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Numerical Prediction of the Summertime Ridge–Trough System over Northeastern Australia

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  • 1 Bureau of Meteorology, Melbourne, Australia
  • | 2 University of New South Wales, Sydney, Australia
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Abstract

The synoptic pattern over northeastern Australia is dominated in the warmer months by a ridge–trough system. Accurate prediction of the location of the system is a significant forecasting problem for regional and global operational models. The regional model that was operational at the time of this study exhibited two significant weaknesses characteristic of many current operational global models, a westward bias in the location of the east coast ridge and errors in the location and strength of the inland trough. The present investigation had three aims:to compute model location errors of the ridge–trough system from a large (6 month, twice daily) dataset of operational forecasts, to explain these errors by evaluating a new regional model, and to confirm the diagnosis using a series of case studies and sensitivity studies. The operational model had a marked mean westward bias of about 2° longitude in the location of both the trough and the ridge. There was a noticeable latitudinal distribution in trough errors with the greatest errors in the north. Ridge location errors were much larger in the south. Overall, almost 60% of errors were 2° longitude or greater. The new model was far more skillful in forecasting the ridge–trough system with predicted locations of both ridges and troughs being superior at greater than the 99% confidence level. In the new model a mean westward error remained in the location of the ridges and troughs but was less than 1°. The percentage of errors greater than 2° longitude dropped to about 20% for ridges and 35% for troughs. The decreased location errors in the new model are attributed to improved representation of the steep coastal orography and of the simulations of both the heat low and inland trough to the west of the coastal ranges. This was confirmed in three case studies at very high resolution (15 km) using the new model but with operational data and also in two sensitivity studies with the new model using the operational model forecast surface temperatures. The forecasts showed similar trough location problems to the operational model.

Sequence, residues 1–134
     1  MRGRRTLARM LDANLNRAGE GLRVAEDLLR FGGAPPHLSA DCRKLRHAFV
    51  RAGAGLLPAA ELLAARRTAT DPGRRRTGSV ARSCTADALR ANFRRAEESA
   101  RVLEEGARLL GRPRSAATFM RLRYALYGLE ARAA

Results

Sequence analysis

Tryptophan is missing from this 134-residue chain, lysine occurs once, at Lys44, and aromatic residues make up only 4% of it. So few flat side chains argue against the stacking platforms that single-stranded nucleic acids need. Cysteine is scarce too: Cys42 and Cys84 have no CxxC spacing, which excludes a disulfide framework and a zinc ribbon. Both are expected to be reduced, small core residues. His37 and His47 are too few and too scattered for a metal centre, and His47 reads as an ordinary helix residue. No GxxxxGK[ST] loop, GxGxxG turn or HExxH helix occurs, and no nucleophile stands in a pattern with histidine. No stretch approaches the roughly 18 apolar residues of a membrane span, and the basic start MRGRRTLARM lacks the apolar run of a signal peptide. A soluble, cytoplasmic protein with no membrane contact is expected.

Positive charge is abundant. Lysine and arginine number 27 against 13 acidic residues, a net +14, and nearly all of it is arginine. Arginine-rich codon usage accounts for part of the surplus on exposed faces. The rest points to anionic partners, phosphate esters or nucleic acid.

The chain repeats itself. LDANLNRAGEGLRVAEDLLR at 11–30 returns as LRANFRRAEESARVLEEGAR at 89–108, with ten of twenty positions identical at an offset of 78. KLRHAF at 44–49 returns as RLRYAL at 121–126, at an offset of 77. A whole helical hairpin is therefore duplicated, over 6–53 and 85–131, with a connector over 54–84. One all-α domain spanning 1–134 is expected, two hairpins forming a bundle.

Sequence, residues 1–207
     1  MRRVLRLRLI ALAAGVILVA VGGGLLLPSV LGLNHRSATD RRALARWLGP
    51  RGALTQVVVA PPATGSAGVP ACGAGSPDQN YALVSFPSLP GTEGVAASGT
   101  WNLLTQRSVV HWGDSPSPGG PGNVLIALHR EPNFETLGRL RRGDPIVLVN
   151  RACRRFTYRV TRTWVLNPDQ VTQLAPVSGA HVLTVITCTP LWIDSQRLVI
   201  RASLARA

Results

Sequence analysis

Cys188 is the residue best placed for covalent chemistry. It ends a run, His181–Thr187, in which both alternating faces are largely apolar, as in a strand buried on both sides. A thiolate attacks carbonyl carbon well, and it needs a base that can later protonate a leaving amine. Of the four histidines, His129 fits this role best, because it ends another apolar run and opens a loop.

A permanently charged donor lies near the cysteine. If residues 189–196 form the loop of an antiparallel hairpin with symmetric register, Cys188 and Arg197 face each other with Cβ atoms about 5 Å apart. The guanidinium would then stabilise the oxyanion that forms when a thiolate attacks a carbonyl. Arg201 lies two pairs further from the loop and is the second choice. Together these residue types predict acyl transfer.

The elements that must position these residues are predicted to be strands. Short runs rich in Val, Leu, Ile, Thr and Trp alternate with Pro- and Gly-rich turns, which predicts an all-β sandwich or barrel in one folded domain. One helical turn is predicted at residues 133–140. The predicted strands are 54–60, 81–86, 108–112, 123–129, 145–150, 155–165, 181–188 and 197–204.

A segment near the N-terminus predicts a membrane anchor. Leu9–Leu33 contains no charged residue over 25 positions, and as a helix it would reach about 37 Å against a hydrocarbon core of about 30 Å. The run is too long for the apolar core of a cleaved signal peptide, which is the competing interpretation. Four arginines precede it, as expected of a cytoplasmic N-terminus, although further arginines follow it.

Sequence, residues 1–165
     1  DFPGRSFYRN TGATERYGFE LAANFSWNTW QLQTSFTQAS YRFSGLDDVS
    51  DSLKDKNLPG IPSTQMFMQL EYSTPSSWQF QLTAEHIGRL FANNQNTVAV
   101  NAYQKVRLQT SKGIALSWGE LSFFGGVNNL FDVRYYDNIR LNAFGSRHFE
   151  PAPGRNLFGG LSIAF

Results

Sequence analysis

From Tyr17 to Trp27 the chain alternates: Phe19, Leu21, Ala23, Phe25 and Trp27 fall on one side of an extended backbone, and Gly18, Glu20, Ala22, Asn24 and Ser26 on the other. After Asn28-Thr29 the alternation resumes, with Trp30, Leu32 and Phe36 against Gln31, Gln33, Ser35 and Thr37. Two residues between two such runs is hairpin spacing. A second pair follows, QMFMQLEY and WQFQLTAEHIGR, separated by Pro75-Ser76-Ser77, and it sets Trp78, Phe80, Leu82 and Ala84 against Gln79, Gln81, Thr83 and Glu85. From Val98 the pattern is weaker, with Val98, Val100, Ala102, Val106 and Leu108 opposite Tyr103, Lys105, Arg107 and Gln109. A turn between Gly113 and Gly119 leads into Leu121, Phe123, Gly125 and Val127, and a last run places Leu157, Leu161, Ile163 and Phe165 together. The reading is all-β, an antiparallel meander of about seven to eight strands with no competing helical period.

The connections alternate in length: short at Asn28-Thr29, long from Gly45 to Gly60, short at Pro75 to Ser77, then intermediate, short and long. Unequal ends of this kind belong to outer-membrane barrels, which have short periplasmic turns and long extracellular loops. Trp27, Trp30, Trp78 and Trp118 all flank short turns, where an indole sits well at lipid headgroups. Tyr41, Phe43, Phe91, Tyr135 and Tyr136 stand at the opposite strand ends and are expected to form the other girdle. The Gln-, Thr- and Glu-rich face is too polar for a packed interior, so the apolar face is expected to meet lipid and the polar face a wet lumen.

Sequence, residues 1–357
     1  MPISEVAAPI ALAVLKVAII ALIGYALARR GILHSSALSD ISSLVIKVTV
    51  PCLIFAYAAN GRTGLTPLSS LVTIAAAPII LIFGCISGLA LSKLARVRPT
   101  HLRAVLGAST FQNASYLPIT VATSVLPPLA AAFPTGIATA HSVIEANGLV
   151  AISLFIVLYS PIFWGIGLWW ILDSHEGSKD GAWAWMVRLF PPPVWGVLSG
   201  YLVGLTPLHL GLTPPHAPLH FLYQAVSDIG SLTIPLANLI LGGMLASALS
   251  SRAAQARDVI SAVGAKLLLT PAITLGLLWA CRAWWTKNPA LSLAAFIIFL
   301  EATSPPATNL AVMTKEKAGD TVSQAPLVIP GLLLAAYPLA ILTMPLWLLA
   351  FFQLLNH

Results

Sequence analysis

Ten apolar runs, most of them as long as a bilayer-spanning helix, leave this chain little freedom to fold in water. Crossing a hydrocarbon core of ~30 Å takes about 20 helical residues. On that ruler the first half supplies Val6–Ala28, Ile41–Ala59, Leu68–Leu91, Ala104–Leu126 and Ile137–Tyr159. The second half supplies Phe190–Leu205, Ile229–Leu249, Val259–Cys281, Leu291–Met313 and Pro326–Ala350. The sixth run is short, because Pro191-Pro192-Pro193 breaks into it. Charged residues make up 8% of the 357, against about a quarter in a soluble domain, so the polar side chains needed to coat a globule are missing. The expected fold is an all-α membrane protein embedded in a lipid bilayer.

Corresponding author address: T. C. L. Skinner, Bureau of Meteorology, P.O. Box 1289K, GPO Melbourne, Victoria 3001, Australia.

Email: tcs@bom.gov.au

Abstract

The synoptic pattern over northeastern Australia is dominated in the warmer months by a ridge–trough system. Accurate prediction of the location of the system is a significant forecasting problem for regional and global operational models. The regional model that was operational at the time of this study exhibited two significant weaknesses characteristic of many current operational global models, a westward bias in the location of the east coast ridge and errors in the location and strength of the inland trough. The present investigation had three aims:to compute model location errors of the ridge–trough system from a large (6 month, twice daily) dataset of operational forecasts, to explain these errors by evaluating a new regional model, and to confirm the diagnosis using a series of case studies and sensitivity studies. The operational model had a marked mean westward bias of about 2° longitude in the location of both the trough and the ridge. There was a noticeable latitudinal distribution in trough errors with the greatest errors in the north. Ridge location errors were much larger in the south. Overall, almost 60% of errors were 2° longitude or greater. The new model was far more skillful in forecasting the ridge–trough system with predicted locations of both ridges and troughs being superior at greater than the 99% confidence level. In the new model a mean westward error remained in the location of the ridges and troughs but was less than 1°. The percentage of errors greater than 2° longitude dropped to about 20% for ridges and 35% for troughs. The decreased location errors in the new model are attributed to improved representation of the steep coastal orography and of the simulations of both the heat low and inland trough to the west of the coastal ranges. This was confirmed in three case studies at very high resolution (15 km) using the new model but with operational data and also in two sensitivity studies with the new model using the operational model forecast surface temperatures. The forecasts showed similar trough location problems to the operational model.

Corresponding author address: T. C. L. Skinner, Bureau of Meteorology, P.O. Box 1289K, GPO Melbourne, Victoria 3001, Australia.

Email: tcs@bom.gov.au

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